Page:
Build, Measure, Learn!

Just over two weeks from the end of the year and things are moving on quickly. Within the last fortnight we (Hugh Manatee)img-20161016-wa0002 put together our list of all those little things that irritate us beyond belief. We’ve written canvas after canvas about umbrellas, mobile phones, maps, users of medication, people with disabilities and spoken to every type of person we could find. We have been trying to work our way into the feedback loop – build, measure, learn. We eventually took our first step and decided on our product, or more accurately, the public decided on our product.

Conversation after conversation based around two particular ideas we were looking to validate, one assumption we had was validated, and one fear we didn’t want to see exist was also validated. There was no choice for us in the end, the public told us what the problem was and whether or not we had a possible solution. The research also gave us additional ideas for other products, so should we need to pivot, we have an opportunity to do so.

Finally, this week it was time to prototype. I always expected the prototype to be a slick little version of the product, maybe with no bar-code and packaging and a couple of final features missing, but earlier this year I learned it would be very different, they would be basic, made of cardboard, paper, glue and sticky tape and our prototypes were exactly that.

Each armed with a bag of supplies we managed to turn the canteen in the Nightingale Centre into a scene from Blue Peter.pinata We had everything you would need for a 6-year old’s school project, even spray glue – I didn’t even know spray glue existed! The table eventually looked like a gruesome battle had taken place between two piñatas, and yes, we cleaned up after ourselves!

We tested everything: can it be made from recycled material, what size is best, should it have a zip, what if the nuclear reactor fails (OK I made that last one up), everything we thought a user might like to see, or that could get solve the problem we were trying to address.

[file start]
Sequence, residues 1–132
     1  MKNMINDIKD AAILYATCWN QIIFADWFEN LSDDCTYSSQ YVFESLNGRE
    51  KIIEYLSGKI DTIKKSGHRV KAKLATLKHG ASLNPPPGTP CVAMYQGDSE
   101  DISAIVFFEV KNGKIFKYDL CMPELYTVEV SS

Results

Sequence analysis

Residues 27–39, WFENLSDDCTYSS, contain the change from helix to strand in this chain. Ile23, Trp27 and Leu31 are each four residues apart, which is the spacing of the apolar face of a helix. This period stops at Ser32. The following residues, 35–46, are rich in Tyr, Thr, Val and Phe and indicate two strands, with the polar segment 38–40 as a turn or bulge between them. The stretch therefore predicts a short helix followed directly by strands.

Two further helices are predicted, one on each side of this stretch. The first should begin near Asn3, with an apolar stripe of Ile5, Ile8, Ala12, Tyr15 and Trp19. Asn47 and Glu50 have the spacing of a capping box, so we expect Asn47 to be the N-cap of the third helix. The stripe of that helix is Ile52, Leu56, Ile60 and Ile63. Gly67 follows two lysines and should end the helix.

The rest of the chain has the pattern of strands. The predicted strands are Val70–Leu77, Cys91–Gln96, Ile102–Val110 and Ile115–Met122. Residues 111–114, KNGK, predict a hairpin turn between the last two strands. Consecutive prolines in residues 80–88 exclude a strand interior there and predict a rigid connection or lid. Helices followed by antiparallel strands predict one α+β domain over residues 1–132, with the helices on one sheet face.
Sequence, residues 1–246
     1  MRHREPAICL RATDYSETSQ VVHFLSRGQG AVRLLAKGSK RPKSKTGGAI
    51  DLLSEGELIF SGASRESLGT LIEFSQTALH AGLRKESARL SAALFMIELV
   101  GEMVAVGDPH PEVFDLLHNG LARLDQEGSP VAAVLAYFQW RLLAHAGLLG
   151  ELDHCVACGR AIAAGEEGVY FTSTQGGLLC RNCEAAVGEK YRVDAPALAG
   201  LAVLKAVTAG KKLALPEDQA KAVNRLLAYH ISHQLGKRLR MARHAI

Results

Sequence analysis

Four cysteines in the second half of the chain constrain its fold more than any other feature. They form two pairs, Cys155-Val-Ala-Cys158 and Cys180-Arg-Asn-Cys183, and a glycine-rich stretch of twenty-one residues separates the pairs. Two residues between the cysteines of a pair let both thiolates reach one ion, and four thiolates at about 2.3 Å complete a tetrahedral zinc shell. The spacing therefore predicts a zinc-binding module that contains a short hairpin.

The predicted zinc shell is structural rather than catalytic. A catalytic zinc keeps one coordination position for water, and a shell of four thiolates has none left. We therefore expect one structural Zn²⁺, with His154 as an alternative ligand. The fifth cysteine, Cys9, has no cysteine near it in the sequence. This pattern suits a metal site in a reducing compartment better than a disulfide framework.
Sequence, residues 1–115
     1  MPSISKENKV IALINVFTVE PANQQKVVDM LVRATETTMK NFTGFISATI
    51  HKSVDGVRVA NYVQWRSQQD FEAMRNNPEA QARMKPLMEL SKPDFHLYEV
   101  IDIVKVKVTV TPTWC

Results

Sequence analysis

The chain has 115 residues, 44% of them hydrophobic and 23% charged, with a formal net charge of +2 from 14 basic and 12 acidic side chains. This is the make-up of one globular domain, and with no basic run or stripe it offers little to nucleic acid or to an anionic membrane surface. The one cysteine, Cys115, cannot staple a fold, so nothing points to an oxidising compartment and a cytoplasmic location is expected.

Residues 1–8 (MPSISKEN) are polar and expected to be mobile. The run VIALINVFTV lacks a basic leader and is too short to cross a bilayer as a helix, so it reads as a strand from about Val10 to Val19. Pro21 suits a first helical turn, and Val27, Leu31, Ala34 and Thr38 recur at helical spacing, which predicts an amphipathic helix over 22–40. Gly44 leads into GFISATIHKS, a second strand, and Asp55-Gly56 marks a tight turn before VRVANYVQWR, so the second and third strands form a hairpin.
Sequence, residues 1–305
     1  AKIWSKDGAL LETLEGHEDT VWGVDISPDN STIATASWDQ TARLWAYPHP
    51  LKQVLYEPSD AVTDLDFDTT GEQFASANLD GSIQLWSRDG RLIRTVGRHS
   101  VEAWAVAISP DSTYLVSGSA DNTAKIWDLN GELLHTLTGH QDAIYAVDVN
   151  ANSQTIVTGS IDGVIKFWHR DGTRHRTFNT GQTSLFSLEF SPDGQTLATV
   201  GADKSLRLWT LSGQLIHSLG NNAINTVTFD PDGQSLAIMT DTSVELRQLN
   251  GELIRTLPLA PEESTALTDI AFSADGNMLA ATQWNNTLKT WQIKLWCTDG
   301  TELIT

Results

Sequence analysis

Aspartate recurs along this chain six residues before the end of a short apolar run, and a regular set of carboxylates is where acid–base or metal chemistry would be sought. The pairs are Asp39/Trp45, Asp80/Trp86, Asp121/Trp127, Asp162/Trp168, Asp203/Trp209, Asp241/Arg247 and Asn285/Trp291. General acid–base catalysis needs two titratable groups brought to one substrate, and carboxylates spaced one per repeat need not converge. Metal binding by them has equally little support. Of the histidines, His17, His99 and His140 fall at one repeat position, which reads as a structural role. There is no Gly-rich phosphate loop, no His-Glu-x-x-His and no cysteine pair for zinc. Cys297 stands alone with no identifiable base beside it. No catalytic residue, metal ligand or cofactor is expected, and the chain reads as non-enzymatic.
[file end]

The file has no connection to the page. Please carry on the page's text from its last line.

We finished with four very different examples of what our product could be. Without giving too much away, we had one which looked like it was poured straight out of the recycling bin, one looked like a deformed frog, one looked like it fell from the delivery truck of an adult shop (this one may be popular for testing) – but they all had their charms. They were all completely different, made by four completely different people with four different backgrounds all working toward the same goal.

The next stage is testing our prototypes and listening to what our potential customers tell us, speaking to the public. Based on that, we can make any changes to the design which we can then test. The feedback loop is continuing to run – build, measure, learn!download

Soon we will have learned enough for us to build our minimum viable product (MVP) which we can release into the world. We will continue to ask, continue to change and continue to learn what our product should be. Even when we have a finalised version of our product, we must continue to build, measure and learn, because the world is constantly changing, which means we must change with it, and the only way to know what we need to change is to get outside and speak to people.

As busy as we have been getting everything together, applying for Bright Ideas, meeting to discuss designs and canvas’, it has been an amazing process.

I’m working with great people (enjoy this now, I don’t part with compliments too easily), but it never feels like work.images-1 Every time we meet we all bring something different to the table and the result is something I could never have envisioned. The future is looking good.

We just need to keep the loop running! Build, measure, learn!

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